Conversions are key to your site’s success. The more people click on your “Buy Now” or “Subscribe” links, the more recognition and sales your business receives. It’s a simple enough concept.
However, behind the scenes, there’s a lot of intricate planning by smart businesses that recognize certain subconscious tendencies. One of the most effective methods for conversion optimization is using a precise color to elicit the proper mood and feeling among potential leads visiting the site.
In particular, the color blue has been shown to have a substantial impact on site conversions in six ways, including:
It can be easy to feel overwhelmed on the internet these days. Websites among websites of varying colors and messages can be difficult to sift through, especially if they’re using colors that simply aren’t mellow or inviting.
The color blue, though, can really step up to the plate, so-to-speak, when it comes to websites. It has a calming effect and has been shown to reduce blood pressure, while slowing your heart rate and respiration. The result is a calmer, more thoughtful site viewer. There’s a reason why blue is a common pick as the wall color in bedrooms and bathrooms.
For conversions, this comes in handy because it allows the lead to feel non-pressured and in control of the situation. Second-guessing or doubts are more unlikely when you’re calmer, and a greater focus contributes to a reduced heart rate. Generally, if someone is tranquil, cool and collected, they will be more receptive to a sales pitch, which is what most business websites are.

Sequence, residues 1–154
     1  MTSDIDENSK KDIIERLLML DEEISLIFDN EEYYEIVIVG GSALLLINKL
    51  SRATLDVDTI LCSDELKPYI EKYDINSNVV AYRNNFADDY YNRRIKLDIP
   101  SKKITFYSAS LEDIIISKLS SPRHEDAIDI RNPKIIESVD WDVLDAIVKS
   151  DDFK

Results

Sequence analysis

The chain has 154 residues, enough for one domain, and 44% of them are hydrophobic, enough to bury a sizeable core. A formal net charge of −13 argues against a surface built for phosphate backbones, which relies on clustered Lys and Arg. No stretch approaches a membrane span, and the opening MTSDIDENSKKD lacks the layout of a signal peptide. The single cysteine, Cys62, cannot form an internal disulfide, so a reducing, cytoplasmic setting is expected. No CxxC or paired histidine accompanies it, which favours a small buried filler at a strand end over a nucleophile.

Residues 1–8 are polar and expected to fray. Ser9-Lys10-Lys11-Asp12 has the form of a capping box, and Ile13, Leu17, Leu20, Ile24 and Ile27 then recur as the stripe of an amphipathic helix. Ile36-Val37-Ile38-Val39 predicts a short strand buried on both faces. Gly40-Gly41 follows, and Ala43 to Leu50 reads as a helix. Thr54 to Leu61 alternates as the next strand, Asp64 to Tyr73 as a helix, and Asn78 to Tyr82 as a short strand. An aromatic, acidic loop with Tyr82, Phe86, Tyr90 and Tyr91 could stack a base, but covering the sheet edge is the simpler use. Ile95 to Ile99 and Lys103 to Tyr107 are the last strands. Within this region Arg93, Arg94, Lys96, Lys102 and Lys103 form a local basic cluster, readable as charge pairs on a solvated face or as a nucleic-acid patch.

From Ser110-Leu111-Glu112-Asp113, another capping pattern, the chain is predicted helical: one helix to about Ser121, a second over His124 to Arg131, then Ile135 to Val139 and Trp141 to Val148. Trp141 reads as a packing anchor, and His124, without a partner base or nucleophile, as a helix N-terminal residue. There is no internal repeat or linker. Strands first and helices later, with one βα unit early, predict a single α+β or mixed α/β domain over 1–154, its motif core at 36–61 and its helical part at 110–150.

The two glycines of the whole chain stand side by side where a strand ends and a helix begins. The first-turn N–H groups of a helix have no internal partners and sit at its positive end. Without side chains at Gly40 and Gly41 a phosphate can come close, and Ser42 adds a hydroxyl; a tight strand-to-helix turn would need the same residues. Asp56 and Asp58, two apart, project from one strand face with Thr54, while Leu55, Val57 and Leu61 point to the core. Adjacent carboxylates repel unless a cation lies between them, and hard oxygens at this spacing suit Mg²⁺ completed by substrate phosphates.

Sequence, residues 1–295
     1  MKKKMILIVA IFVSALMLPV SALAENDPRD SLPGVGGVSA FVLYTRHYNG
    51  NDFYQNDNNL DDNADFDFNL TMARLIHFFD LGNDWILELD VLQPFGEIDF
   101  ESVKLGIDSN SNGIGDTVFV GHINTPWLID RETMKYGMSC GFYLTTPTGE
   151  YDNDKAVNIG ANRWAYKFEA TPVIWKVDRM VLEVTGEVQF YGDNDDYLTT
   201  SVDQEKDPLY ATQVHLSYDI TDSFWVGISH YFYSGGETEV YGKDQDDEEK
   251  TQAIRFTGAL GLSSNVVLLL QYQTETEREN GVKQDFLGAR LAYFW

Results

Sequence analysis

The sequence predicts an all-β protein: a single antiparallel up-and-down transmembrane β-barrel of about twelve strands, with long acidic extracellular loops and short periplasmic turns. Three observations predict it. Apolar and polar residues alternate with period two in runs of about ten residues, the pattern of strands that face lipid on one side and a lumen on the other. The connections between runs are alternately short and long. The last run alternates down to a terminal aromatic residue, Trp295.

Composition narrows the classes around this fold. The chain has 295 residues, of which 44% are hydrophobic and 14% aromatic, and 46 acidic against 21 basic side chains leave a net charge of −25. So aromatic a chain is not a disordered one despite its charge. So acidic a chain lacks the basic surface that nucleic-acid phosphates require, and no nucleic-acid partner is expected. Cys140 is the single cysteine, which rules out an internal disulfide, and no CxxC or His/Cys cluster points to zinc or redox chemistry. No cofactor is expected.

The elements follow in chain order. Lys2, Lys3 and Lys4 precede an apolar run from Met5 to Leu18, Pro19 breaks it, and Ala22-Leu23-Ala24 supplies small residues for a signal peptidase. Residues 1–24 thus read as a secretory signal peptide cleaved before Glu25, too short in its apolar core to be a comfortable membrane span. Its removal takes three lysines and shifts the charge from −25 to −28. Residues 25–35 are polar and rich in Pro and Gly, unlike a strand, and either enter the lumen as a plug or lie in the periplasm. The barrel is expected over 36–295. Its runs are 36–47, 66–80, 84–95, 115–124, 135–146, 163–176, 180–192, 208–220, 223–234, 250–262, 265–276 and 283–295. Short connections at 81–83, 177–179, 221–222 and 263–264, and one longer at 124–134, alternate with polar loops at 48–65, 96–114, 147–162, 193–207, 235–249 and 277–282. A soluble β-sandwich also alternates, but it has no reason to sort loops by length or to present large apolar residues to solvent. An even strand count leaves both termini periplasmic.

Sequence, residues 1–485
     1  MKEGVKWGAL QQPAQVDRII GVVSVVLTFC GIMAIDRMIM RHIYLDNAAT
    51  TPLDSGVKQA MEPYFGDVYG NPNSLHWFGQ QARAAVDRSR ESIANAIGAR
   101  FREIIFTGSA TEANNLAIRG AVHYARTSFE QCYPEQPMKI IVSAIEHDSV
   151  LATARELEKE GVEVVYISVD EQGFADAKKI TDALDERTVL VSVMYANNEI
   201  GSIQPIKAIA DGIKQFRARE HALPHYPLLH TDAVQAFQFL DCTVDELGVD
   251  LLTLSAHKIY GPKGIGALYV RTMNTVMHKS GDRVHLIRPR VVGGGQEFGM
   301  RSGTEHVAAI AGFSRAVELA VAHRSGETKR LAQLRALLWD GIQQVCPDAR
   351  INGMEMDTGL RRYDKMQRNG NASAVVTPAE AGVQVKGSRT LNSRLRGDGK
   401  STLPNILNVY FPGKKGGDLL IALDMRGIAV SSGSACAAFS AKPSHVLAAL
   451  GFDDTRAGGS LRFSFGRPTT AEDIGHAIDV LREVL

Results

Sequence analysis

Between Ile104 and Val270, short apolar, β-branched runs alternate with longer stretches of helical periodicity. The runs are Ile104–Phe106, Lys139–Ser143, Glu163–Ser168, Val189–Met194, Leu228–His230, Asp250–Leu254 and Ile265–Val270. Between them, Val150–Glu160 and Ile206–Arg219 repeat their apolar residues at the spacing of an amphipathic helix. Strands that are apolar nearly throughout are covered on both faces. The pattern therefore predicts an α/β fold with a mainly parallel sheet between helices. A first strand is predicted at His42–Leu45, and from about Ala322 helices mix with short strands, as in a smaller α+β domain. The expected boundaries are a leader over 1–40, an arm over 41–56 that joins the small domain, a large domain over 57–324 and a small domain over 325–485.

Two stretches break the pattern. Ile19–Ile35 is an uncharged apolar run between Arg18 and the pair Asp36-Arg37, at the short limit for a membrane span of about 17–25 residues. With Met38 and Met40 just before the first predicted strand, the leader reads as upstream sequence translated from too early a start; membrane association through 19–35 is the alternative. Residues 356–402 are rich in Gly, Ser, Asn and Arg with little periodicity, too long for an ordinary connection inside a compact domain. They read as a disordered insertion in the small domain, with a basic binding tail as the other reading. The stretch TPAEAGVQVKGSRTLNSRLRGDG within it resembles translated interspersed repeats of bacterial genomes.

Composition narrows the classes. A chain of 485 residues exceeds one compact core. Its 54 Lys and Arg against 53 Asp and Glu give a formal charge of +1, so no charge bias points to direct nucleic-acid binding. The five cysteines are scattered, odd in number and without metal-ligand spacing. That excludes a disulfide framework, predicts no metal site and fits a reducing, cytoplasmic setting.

The relaxing presence of blue is a fantastic way to provide visitors with information about your product or business. As they read about your origin story or products, they will take in the information with the calming therapeutic effects that blue often brings.
An additional benefit of using the color blue predominantly is illustrated on the website for Nitterhouse Masonry. Visual demonstrations of their masonry work, along with information on their services, is complemented by a cool blue tone that’s primarily uniform throughout the site. However, notice the call-to-action button “Learn More” is the color red instead. It jumps out brightly, standing out among the blue-tinged information.
Blue enables colors like red, yellow and orange to pop particularly well, which comes in handy for a call-to-action button. Some websites with a fairly absent call-to-action button suffer from a lack of leads as a result. However, a very prominent and standout color like red against a blue background can provide the striking contrast that conversions relish.
Especially as the tech industry has emerged the past several decades, blue has become the color of trust and know-how. This is partly propelled by the relaxation-inducing tendencies that blue provides, putting customers at ease in a sense.
In another way, it’s the prominent use of blue by companies such as AIG and Microsoft that have ushered in a gradual identity, associating blue with the top of an industry.
Microsoft aims for a clean emphasis on blue, white and black on their site — clean and optimized like many of their products’ images. Microsoft has always embraced the color blue, especially in the logo color for their Internet Explorer and Microsoft Edge. With all of this, it’s not difficult to see why blue is the default color for most hyperlinks around the web.